How Does DNA Fingerprinting Help In Solving Crimes?
DNA fingerprinting that is also termed as DNA profiling, DNA typing, genetic fingerprinting, genotyping, or identity testing in genetics, is a method of isolating and identifying different variables within the base-pair sequence of DNA.
What is the procedure for creating a DNA fingerprint?
DNA fingerprinting involves taking samples of cells such as blood cells, skin, hair, saliva which contain the DNA of the person.
The DNA in the procedure is extracted from the cells and purified to rectify its belongingness to a specific person.
The technique of DNA fingerprinting can serve as a very useful weapon for legal experts and forensics scientists to solve crimes as the procedure can prove whether the person is guilty or innocent of a crime.
Popular objects that can serve as a piece of evidence to determine the DNA –
- Eyeglasses of a person
- Clothes of person that contain blood, sweat or semen.
- Hat containing hair or dandruff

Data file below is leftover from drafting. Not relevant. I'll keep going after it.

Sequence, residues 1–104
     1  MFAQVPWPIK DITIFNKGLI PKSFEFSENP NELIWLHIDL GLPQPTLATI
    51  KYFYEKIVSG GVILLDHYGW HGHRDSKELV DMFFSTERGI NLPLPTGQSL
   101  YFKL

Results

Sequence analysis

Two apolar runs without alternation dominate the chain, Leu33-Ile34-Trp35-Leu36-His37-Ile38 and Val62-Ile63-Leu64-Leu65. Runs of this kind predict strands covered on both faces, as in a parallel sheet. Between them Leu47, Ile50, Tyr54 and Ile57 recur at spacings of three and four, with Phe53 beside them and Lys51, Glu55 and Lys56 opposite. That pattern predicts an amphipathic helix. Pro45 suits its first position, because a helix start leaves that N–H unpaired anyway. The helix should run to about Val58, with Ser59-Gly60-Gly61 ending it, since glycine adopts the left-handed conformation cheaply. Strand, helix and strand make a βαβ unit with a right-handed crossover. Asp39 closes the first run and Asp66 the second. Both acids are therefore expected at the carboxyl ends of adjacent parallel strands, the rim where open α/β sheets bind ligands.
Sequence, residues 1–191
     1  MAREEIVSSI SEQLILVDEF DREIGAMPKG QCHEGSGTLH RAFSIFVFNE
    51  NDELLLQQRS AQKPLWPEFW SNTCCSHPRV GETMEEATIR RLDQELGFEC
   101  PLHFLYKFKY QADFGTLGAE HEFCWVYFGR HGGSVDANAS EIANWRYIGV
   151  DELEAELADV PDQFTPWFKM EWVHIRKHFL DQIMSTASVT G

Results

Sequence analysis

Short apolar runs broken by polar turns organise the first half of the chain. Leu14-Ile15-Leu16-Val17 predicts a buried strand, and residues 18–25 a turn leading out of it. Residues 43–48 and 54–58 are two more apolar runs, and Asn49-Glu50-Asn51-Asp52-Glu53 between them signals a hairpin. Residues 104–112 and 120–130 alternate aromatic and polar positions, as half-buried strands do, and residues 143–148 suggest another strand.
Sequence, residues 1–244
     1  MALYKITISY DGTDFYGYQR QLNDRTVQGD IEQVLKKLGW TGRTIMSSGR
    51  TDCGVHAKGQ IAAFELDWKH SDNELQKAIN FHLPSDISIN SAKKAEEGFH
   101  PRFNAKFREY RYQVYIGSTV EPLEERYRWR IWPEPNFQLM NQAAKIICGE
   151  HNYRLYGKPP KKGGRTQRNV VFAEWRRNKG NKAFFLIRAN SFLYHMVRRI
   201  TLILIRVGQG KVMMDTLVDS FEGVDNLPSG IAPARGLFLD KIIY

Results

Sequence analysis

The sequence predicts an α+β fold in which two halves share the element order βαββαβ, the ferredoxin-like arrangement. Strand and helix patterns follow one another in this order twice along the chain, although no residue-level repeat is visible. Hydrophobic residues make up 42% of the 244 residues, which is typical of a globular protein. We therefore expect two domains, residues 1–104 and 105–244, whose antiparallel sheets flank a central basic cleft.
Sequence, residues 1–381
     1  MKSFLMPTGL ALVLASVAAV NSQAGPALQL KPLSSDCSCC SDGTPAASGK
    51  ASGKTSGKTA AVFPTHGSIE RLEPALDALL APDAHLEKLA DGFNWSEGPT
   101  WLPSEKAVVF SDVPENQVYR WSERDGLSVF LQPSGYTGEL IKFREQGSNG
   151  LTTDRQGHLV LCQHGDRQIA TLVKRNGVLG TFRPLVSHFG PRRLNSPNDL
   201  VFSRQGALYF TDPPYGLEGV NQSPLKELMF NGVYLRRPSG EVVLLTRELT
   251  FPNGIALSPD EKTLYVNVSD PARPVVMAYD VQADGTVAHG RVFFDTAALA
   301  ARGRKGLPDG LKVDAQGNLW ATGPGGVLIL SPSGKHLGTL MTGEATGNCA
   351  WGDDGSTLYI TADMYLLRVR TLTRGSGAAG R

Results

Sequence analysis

- Toothpick containing saliva
- Blankets and bed sheets containing hair, semen, dandruff or urine
- Bite mark on a person’s skin involving saliva
- The licked area of an envelope
- Fingernails containing blood or skin tissue
- Smoked cigarettes
- Cotton buds or facial tissues containing sweat or ear wax
- Toilet paper containing urine
- Used condoms and sanitary pads containing blood, etc.
DNA fingerprinting or DNA profiling is also extremely helpful in determining the paternity of a child in cases of civil disputes.
DNA analysis is frequently used in civil cases, maintenance proceedings Under section 125 of the Code of Criminal Procedure, 1973, and criminal cases.
Popular cases such as the Indian case of Priyadarshini Mattoo or the famous American Boston Strangler Case were solved through DNA analysis.
The Priyadarshini Mattoo case that involved a 25-year-old female law student who was found murdered at her house in New Delhi in 1996 was proved to also have been raped by Santosh Kumar Singh through the DNA analysis.
The Boston Strangler case that involved a 19-year-old female named Marie Sullivan who was found murdered in her rented apartment in Boston in January 1964 was raped and strangled to death by her attacker Albert DeSalvo.
Boston strangler is the name given to Albert DeSalvo, the murderer of 13 women in Boston, Massachusetts during the early 1960s, and the crimes were attributed to him based on the confessions made by him, involving other details and DNA evidence linking to his victims.